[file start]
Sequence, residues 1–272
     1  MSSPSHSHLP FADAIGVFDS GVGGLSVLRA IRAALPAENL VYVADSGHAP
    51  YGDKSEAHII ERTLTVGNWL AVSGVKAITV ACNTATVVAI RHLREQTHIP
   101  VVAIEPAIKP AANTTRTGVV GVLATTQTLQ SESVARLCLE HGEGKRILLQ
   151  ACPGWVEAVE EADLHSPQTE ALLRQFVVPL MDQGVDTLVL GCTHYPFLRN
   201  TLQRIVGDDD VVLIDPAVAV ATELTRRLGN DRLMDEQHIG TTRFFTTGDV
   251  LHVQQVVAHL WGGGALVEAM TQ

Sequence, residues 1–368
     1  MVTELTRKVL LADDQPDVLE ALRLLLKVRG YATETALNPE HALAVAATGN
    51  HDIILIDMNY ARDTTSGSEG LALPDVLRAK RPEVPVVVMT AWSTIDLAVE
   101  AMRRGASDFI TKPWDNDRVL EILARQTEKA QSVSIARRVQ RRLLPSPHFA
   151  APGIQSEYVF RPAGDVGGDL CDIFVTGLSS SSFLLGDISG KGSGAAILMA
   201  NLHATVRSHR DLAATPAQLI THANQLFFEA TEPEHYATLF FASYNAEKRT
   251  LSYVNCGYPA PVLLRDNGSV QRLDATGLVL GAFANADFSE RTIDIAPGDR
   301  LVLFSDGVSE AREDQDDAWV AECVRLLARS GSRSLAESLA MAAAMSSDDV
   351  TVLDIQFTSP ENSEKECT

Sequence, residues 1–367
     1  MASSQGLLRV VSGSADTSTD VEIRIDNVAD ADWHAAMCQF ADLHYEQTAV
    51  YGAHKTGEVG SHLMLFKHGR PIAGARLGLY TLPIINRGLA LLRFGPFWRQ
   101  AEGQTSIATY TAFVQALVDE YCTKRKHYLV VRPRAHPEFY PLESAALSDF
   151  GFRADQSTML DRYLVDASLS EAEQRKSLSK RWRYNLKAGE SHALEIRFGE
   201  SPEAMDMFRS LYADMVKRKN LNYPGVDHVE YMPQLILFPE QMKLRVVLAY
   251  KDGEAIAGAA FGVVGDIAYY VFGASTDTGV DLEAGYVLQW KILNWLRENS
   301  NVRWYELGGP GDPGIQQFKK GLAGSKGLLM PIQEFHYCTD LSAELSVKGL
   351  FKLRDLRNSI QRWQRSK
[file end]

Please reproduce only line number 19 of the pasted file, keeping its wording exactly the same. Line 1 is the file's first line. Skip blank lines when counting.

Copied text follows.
    51  YGAHKTGEVG SHLMLFKHGR PIAGARLGLY TLPIINRGLA LLRFGPFWRQ